41. Boston’s literacy coach at McKinley (Ronda Goodale, PhD) testified that she is familiar with Ms. Nee’s classroom and is aware of the cognitive and academic levels of the students. She opined that on the basis of her review of Student’s records (including testing of Student) and her familiarity with McKinley, she believes (1) that Student would have an appropriate peer group, including students with higher language skills who would provide good peer models for Student at McKinley (2) that McKinley would provide the social and emotional supports which she needs, and (3) that, in general, Student is the kind of person who would do well at McKinley.
42. Boston’s speech language pathologist (Ms. Kinnie) testified that after reviewing Student’s records, she believes that speech language services could be appropriately provided to Student at the McKinley placement.
43. Ms. Stella testified that on the basis of her review of Student’s records (including Student’s IEP and evaluations) and on the basis of listening to the testimony of the previous witnesses (Ms. Stella was the last witness in the Hearing), she opined that Student would need a structured, therapeutic living and academic program. She explained that the structured, therapeutic living (i.e., residential) part of the program should address Student’s social and emotional issues and should include staff who are able to work with Student regarding these deficits. Ms. Stella also testified that Student’s living program would need to work with Student regarding her activities of daily living (ADL) skills.
Introduction and Legal Standard .
Student is an individual with a disability, falling within the purview of the Individuals with Disabilities Education Act4 and the state special education statute.5 As such, Student is entitled to a free appropriate public education (FAPE).6 Neither her eligibility status nor her entitlement to FAPE is in dispute.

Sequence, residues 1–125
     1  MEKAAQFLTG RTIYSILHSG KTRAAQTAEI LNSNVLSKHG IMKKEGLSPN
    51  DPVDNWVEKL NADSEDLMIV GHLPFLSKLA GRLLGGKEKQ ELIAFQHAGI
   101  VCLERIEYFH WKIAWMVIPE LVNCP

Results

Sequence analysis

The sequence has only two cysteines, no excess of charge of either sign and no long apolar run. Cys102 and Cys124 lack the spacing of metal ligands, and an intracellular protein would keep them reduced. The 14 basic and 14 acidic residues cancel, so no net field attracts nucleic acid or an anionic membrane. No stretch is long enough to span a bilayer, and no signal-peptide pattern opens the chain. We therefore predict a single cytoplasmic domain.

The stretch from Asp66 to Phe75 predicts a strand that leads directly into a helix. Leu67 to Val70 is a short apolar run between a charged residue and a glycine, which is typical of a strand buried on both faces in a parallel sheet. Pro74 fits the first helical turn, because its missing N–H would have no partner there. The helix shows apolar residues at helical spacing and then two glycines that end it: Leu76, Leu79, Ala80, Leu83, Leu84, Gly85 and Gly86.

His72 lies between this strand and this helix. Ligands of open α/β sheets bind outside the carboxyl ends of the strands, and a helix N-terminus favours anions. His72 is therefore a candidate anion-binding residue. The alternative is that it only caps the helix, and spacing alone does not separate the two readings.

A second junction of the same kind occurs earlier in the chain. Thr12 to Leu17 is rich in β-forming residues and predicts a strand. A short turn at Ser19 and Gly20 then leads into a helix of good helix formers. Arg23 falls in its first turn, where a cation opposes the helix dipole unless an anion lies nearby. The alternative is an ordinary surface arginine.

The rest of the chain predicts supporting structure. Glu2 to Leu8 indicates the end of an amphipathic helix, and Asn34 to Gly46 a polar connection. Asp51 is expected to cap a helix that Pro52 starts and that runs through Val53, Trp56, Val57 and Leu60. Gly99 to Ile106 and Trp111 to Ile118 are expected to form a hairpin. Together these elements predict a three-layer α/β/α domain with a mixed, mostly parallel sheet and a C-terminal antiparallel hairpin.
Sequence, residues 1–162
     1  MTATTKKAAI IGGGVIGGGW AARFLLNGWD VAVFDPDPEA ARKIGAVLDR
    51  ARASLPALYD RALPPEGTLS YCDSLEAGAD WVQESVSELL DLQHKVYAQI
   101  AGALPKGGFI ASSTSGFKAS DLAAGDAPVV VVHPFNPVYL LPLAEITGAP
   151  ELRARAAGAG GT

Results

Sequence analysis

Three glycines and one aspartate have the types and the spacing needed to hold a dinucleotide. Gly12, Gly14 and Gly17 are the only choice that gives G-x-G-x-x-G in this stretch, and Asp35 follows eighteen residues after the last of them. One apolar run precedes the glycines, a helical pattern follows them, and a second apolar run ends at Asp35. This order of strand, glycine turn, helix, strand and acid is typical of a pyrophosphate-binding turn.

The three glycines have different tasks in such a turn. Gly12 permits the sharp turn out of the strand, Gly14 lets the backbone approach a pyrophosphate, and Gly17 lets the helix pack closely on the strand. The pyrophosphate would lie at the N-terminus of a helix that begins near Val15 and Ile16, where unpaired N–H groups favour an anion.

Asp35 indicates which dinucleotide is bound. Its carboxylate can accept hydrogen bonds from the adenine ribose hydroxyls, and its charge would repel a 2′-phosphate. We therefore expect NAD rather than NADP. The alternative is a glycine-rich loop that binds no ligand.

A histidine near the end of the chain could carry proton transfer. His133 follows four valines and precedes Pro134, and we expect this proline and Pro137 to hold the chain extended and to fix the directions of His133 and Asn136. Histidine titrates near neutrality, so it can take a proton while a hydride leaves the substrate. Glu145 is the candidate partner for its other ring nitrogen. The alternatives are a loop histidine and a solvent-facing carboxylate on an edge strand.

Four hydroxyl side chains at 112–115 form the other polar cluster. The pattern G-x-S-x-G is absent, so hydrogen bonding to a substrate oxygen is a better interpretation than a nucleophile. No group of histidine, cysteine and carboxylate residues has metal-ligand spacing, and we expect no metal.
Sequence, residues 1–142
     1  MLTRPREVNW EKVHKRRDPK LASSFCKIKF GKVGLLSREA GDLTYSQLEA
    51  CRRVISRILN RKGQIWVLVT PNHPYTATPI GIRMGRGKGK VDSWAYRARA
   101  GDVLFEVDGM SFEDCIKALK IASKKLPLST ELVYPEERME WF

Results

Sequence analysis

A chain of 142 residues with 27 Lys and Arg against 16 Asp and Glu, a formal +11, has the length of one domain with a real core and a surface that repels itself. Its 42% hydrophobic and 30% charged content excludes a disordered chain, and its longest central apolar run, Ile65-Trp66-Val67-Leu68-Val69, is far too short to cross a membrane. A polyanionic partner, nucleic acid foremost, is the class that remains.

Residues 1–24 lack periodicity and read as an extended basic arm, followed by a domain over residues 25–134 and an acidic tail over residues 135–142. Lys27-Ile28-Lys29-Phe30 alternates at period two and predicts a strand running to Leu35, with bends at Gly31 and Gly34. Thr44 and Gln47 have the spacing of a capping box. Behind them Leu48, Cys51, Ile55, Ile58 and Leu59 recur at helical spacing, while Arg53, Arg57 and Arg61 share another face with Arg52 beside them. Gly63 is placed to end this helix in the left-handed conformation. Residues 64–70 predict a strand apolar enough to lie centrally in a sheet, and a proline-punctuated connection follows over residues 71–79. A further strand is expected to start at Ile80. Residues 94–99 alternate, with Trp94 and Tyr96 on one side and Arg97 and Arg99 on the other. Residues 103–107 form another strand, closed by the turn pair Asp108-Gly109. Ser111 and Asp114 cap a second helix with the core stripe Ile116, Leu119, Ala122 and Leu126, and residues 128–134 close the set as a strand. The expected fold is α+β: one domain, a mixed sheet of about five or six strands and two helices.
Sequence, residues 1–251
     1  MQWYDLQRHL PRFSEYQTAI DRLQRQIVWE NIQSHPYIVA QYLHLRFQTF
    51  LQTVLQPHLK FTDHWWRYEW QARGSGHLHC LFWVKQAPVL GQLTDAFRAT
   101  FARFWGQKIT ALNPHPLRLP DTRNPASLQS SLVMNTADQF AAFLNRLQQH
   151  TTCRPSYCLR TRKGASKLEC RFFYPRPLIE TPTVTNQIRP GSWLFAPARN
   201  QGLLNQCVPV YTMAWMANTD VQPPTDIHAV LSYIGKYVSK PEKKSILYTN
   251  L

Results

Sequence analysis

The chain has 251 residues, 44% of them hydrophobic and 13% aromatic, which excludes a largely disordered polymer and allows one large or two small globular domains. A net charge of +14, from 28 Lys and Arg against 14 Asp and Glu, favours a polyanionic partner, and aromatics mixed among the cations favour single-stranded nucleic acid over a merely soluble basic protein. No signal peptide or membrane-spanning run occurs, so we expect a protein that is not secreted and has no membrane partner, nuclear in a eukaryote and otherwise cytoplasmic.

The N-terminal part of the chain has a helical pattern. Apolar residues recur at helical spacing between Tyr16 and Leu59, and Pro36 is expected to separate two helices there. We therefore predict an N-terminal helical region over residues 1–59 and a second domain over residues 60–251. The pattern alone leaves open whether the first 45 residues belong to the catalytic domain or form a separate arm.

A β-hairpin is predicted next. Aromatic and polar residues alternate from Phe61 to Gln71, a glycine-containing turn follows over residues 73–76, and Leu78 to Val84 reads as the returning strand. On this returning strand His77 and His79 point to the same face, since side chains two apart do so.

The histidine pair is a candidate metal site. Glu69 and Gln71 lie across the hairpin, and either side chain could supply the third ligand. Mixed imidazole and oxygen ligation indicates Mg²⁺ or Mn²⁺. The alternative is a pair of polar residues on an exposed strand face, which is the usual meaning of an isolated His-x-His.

FAPE requires that the individualized education program (IEP) be tailored to address Student’s unique needs in a way reasonably calculated to enable her to make meaningful and effective educational progress in the least restrictive environment.7
The initial issue presented is whether the programming and specialized services embodied in Boston’s proposed IEP are consistent with this legal standard .
Boston’s Proposed Services During the School Day .
I will address the appropriateness of Boston’s IEP in two parts. In this section of the Decision, I will consider the IEP from the perspective of addressing Student’s services during the school day only . If the IEP is (or can be made) appropriate with respect to services during the school day, I will then turn to the question of whether it is sufficient to provide Student with services during the school day only or, conversely, whether residential services are required in order for the IEP to provide Student with a free appropriate public education (FAPE).